Our proprietary CADD software technology, SILCS, is a computational functional group mapping technique that provides a detailed view of the entire protein surface and any particular cavities that might be available for drug design.

SILCS® gives chemists an intuitive way of interacting with and
visualizing this information.

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Site Identification by Ligand Competitive Saturation (SILCS) offers rigorous free energy evaluation of functional group affinity pattern for the entire 3D space in and around a protein. The SILCS method yields functional group free energy maps, or FragMaps, which are precomputed and can be used in a variety of ways to facilitate ligand design. FragMaps are generated by molecular dynamics (MD) simulations that include protein flexibility and explicit solvent/solute representation, thus providing an accurate, detailed, and comprehensive collection of information that can be used qualitatively in database screening, fragment-based drug design, and lead optimization.

By generating FragMaps using various small solutes, representing different functional groups including benzene, propane, methanol, imidazole, formamide, acetaldehyde, methylammonium, acetate, and water, it is possible to map the functional group affinity pattern of a protein. FragMaps encompass the entire protein such that all FragMap types are in all regions. Thus, information on the affinity of all the different types of functional groups is available in and around the full 3D space of the protein or other target molecule.

FragMaps can be used to facilitate ligand design by enabling the medicinal chemists to readily visualize regions where the ligand can be modified or functional groups added to improve affinity and specificity. As the FragMaps include protein flexibility, they indicate regions of the target protein that can “open,” thereby identifying regions under the protein surface accessible for ligand binding. In addition to FragMaps, an “exclusion map” is generated based on regions of the system that are not sampled by water or probe molecules during the MD simulations. The exclusion map represents a strictly inaccessible surface.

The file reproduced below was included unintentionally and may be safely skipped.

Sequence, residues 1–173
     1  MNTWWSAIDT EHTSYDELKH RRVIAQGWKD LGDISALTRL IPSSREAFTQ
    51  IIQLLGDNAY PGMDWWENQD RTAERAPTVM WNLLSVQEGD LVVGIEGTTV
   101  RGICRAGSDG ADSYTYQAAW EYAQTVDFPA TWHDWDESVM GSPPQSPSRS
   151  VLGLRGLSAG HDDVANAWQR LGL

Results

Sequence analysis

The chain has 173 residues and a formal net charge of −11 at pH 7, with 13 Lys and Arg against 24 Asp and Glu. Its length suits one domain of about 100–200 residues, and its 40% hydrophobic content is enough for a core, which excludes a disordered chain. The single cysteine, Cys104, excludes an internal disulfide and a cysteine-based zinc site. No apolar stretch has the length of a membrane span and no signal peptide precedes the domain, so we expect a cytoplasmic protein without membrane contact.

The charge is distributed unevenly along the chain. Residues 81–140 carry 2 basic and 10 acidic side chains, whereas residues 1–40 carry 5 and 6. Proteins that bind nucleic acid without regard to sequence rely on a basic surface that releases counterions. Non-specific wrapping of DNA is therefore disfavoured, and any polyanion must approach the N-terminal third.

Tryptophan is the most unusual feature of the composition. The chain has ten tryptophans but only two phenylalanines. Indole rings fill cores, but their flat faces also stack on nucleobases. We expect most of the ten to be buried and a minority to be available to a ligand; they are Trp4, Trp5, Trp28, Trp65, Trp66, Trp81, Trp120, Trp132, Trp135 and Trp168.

Many proteins contain binding sites that are partially or totally inaccessible to the surrounding solvent environment that may require partial unfolding of the protein for ligand binding to occur. SILCS sampling of such deep or inaccessible pockets is facilitated by the use of a Grand Canonical Monte Carlo (GCMC) sampling technique in conjunction with MD simulations. Thus, the SILCS technology is especially well suited for ligand design pockets targeting the deep and inaccessible binding sites found in GPCRs, nuclear receptors and so on.

After a set of ligand-independent SILCS FragMaps are produced, they may be rapidly used for various purposes that quantitatively rank ligand binding in a highly computationally efficient manner for multiple ligands, WITHOUT recalculating the FragMaps.

SILCS User Guide


Binding Site Identification

  • Binding pocket searching with known ligands
  • Binding pocket identification via pharmacophore generation
  • Binding pocket identification via fragment screening

Ligand Optimization

  • Qualitative ligand optimization by FragMaps visualization
  • Quantitative evaluation of ligand atom contributions to binding
  • Quantitative estimation of relative ligand affinities
  • Quantitative estimation of large numbers of ligand chemical transformations

Database Screening

  • Receptor-based 3D pharmacophore models
  • Ligand posing using available techniques (Catalyst, etc.)
  • Ligand ranking

Fragment-based Ligand Design

  • Identification of fragment binding sites
  • Estimation of ligand affinity following fragment linking
  • Expansion of fragment types

Ligand optimization can also be performed via rapid free energy perturbations of small functional group transformations via the SSFEP technology.

SILCS User Guide


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